Nobody else seems to be able to do anything about the tribal fighting either. “Without the support of the army, the local police are unable to do anything about these tribal conflicts,” Sarhan Salem Younes, who heads the provincial council's security and defence committee in Maysan, told NIQASH. “The tribes have much more sophisticated weapons than the local police. Some of them have machine guns and even mortars.”
It is also difficult for local police to do anything because they too could become involved in the tribal feuding – often the police officers are themselves from one or other of the tribes and in the past, they were attacked and threatened when they tried to interfere. Because of their own tribal membership, they risk escalating the conflict even further.
And many in Maysan believe that the tribal fighting has become even worse because the division of the Iraqi army that used to be stationed in the province was moved to Anbar to fight the extremist group known as the Islamic State there. The somewhat more independent soldiers provided a counterpoint to the inter-tribal prejudices.
“Tribal elders and other senior community leaders in Maysan have been trying to resolve these conflicts, minimize them and punish offenders,” says Hassan Abdul-Nabi, a senior officer in the Maysan police, who heads the tribal affairs department. “But we've noticed that some parties, who could benefit from the escalation of the conflict, have started to interfere. They're using the fighting to sell arms, without any fear of punishment.”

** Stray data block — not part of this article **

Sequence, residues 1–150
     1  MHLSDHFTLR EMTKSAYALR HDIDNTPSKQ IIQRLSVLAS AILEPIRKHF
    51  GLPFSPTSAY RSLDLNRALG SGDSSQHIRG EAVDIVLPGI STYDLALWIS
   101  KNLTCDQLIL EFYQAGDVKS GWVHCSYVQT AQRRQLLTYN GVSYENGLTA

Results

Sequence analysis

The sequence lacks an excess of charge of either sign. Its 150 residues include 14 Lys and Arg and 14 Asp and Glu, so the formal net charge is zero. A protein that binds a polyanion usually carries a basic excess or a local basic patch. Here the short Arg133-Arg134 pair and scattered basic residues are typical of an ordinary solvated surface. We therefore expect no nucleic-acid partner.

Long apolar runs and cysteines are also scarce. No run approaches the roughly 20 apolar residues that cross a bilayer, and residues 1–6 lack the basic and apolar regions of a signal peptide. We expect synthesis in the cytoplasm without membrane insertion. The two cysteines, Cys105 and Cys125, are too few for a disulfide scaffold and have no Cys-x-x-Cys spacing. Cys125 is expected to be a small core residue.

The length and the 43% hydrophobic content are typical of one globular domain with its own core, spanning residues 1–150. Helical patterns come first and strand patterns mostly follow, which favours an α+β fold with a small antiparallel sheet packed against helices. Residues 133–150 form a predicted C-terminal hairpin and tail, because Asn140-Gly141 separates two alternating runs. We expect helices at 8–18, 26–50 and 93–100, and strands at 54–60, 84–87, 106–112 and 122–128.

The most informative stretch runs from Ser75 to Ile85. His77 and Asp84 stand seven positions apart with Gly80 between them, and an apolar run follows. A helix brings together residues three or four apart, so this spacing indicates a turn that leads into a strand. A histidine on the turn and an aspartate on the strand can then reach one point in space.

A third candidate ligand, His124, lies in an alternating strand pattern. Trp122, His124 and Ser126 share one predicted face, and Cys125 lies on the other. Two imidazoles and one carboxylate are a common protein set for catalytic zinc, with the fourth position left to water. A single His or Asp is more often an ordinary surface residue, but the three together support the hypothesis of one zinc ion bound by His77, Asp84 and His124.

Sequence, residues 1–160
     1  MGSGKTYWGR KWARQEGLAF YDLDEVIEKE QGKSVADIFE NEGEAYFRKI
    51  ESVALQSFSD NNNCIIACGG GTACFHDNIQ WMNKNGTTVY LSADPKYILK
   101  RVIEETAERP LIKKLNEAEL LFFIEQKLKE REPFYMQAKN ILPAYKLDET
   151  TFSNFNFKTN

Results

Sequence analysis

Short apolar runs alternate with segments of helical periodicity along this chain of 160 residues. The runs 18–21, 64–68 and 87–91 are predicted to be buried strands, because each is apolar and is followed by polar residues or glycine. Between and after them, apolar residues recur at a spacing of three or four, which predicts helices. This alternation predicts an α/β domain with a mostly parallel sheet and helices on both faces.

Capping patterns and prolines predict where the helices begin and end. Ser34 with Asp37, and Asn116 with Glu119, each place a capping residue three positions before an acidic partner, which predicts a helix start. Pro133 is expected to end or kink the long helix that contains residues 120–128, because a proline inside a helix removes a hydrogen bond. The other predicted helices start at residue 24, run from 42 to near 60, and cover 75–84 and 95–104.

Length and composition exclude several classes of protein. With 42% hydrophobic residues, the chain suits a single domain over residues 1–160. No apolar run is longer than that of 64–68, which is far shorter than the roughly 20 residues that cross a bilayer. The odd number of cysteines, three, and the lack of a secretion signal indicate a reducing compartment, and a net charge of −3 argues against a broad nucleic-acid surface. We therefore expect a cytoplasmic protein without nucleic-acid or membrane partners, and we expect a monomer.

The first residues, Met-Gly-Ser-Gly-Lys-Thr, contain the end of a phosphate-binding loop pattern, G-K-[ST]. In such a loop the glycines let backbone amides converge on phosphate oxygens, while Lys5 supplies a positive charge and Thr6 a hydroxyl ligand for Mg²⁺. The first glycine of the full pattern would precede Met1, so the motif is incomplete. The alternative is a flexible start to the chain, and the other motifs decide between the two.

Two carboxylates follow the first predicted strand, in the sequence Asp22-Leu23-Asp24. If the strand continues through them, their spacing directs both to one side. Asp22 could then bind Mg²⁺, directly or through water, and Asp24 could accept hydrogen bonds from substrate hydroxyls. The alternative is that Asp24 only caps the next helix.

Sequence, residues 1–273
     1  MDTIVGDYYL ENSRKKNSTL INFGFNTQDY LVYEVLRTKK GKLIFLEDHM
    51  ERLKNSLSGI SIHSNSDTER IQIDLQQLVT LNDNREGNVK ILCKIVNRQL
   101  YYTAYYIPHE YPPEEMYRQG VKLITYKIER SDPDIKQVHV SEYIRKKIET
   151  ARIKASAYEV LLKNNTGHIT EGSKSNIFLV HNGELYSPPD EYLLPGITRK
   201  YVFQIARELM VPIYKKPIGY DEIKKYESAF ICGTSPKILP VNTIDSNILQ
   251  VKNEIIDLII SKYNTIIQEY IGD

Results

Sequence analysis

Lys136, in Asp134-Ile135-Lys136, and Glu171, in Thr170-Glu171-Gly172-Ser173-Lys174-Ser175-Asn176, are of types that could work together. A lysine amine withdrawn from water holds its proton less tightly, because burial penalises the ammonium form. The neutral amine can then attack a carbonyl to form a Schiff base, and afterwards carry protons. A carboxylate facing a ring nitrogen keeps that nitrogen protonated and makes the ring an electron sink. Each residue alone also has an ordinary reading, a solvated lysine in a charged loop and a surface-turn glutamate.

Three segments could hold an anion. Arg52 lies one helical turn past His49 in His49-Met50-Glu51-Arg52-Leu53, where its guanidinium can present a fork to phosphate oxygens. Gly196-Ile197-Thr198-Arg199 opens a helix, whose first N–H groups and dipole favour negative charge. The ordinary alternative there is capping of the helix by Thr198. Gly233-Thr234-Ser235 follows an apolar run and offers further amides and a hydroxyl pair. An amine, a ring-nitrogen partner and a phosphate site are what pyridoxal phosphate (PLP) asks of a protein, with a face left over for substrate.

Tribal justice is taken very seriously in Iraq, where state-sponsored justice is either often not available or not trusted. Tribes don't go to court, they come up with justice themselves. One of the tenets of this is the concept of “blood money”, where the family and tribe of the victim – whether killed by accident or on purpose – is awarded financial compensation by the killer's family and tribe.
But recently the amount given as “blood money” demanded has risen to sometimes unmanageable levels. In this part of Iraq, blood money tended not to be over IQD600 million (around US$500,000) and often the killer's family would also be forced to leave the area, so as to lessen the potential for future fights. Recently requested blood money payments have been as high as IQD1 billion (around US$850,000). Some locals say the practice is out of control. In the past it was a deterrent to individuals, now it has become an opportunity to make a profit and to show off power.
“Asking for blood money is acceptable,” says a local cleric, Majid al-Saadi. “But asking for too much is not. People who ask for too much are committing a sin and when that happens, clerics will often withdraw from negotiations. “Nobody listens to us when it is like this,” al-Saadi explains.
“Things are getting worse here all the time,” says Abdul-Hussein Arnous Ghannami, the leader of the Albu Ghanim tribe. “The level of fighting has completely paralysed this place.”
Ghannami has his own ideas about why there is so much chaos here at the moment: Nobody listens to the tribal elders and everyone has a gun, he argues.
“In the past, relationships between tribes were much better,” Ghannami told NIQASH. “People used to listen to their sheikhs [tribal leaders] and appreciate what they said. Especially the young people. That is very different to what is going on today.”